OKLAHOMA CITY – They say Father Time is undefeated, which apparently is true even when he takes on a colorful, cranky NBA referee.
After 39 years on the job, Joey Crawford will no longer hop across the court to dramatize a call. He hoped to return this month for the regular season’s finish and playoffs, but pain and arthritis won’t subside in a knee that required December surgery.
Crawford, who already had decided this season would be his last, will not blow his whistle again. Occasionally combative even after the NBA sent him to anger-management sessions, he worked his first NBA game about the same time Kevin Garnett was born.
“Any time you do this for 39 years, you’ve got to love the game and love the players,” Wolves interim head coach Sam Mitchell said. “We’re hard on officials. The NBA is probably the hardest game to officiate. You have to develop a feel of what to let go and how to keep the pace going. You kind of knew where you stood with Joey. I knew what to say, when to say it until Joey gave you a look or told you that was enough. The thing I liked about Joey is I never felt it was personal.”
At age 64, Crawford worked 2,561 regular-season games, second only to Basketball Hall of Famer Dick Bavetta. He officiated more NBA playoff games (374) than anyone, including 50 in the Finals.
“Definitely one of the best officials of my time,” Wolves veteran Tayshaun Prince said. “He didn’t take no mess on the court. He took his job very seriously. After 39 years, to be able to impact the game like he did, a lot of NBA players get the credit but there are referees and people behind the scenes that make this game great and he was one of those guys.”
Crawford’s dad, Shag, was a Major League Baseball umpire for more than 20 years and Joey’s brother Jerry lasted 25 years as an MLB umpire.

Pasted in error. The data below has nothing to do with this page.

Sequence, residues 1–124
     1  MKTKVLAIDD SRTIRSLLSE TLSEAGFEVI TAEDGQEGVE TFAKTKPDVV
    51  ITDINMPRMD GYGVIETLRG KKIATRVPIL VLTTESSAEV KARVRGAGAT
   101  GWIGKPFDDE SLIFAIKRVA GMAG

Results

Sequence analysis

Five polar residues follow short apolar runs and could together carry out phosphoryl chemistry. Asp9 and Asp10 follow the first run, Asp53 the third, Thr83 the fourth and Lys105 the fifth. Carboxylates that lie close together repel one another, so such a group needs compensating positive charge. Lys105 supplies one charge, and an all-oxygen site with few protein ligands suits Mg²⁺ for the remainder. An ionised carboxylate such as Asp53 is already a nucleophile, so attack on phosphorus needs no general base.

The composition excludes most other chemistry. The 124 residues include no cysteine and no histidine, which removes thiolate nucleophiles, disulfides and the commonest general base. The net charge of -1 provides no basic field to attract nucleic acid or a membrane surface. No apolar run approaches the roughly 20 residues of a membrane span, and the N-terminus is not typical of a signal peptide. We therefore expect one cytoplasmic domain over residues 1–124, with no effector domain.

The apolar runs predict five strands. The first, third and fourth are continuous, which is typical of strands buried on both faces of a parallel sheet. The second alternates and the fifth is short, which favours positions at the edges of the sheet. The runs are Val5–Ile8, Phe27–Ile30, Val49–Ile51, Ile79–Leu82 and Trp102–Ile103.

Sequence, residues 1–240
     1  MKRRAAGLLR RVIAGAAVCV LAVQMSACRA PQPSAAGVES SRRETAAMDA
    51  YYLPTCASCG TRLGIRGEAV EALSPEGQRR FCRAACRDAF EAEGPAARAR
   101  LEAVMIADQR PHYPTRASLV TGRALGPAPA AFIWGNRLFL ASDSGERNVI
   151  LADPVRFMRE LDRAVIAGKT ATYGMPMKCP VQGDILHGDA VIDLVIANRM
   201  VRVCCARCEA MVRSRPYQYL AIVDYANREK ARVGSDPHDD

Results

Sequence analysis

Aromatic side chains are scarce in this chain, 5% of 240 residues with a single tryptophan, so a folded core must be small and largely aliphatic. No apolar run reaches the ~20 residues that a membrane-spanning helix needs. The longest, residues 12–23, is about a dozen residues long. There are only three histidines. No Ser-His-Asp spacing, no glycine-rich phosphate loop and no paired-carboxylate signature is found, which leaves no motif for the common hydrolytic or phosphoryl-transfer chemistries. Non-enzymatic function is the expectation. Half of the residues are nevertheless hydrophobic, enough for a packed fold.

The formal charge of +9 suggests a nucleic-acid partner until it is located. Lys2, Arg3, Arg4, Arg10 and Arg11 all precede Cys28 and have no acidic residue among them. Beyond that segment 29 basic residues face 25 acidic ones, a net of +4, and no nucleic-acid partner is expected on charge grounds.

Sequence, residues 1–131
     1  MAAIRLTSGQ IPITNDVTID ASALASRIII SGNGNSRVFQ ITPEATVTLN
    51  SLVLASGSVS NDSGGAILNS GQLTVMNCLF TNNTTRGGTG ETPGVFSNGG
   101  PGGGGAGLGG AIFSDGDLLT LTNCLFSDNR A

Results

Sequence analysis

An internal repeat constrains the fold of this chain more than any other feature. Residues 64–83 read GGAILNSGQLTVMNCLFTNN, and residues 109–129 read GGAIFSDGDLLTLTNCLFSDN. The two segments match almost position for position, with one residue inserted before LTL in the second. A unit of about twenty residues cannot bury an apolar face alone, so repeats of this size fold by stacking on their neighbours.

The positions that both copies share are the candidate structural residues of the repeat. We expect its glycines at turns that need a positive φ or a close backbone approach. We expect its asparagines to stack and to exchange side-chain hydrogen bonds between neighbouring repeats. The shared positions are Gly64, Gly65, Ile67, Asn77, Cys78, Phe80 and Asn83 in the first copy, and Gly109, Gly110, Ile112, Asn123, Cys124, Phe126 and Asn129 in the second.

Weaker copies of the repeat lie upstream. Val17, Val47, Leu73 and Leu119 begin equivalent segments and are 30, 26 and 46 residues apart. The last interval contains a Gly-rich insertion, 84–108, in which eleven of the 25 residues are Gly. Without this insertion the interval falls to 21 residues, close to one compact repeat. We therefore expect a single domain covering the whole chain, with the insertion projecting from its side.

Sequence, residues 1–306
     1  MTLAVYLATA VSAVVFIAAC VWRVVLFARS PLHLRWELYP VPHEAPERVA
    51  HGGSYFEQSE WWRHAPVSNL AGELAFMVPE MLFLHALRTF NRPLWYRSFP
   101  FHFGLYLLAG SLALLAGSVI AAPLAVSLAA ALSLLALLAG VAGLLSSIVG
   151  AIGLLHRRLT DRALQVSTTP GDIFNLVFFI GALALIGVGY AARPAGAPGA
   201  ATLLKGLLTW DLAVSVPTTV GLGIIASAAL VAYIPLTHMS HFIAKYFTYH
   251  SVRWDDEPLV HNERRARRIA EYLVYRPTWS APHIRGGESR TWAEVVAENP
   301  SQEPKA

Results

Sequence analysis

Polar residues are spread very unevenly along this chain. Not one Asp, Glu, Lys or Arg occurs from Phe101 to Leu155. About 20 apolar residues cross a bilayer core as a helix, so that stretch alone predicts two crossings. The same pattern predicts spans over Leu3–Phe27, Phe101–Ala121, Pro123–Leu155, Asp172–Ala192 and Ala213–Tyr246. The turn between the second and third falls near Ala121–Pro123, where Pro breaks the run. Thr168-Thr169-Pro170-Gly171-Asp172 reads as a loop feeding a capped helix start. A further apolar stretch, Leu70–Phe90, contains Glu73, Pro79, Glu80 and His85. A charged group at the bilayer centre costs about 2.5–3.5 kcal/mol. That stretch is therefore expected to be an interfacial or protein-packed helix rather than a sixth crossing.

Wolves forward Nemanja Bjelica played his first game since Feb. 10 against Toronto. He entered late in the first quarter after missing 11 games because of a strained right foot. He once again quickly found foul trouble. Mitchell said Bjelica’s return makes it less likely that the Wolves will fill its open roster spot for now.
“I’m ready,” Bjelica said. “Finally, I’m here and I’m happy I’m back.”
Tragedy times three
The Thunder on Friday said assistant coach Monty Williams won’t return to work this season after the death of his wife, killed in an automobile accident last month. Guard Dion Waiters missed Friday’s game after his brother was shot and killed in Philadelphia. Part owner Aubrey McClendon died in a car crash last week.
“The only way you get through these situations is the people around you and I think we have really, really good people,” Thunder coach Billy Donovan said.
•Donovan referred to Wolves guard Ricky Rubio as “Marco Rubio” before Friday’s game. Just hours before, Rubio said this when asked if there’s any social-media confusion concerning two famous Rubios, “Well, he’s running for President, and I’m a basketball player. There shouldn’t be a lot of misunderstanding but we have the same last name.”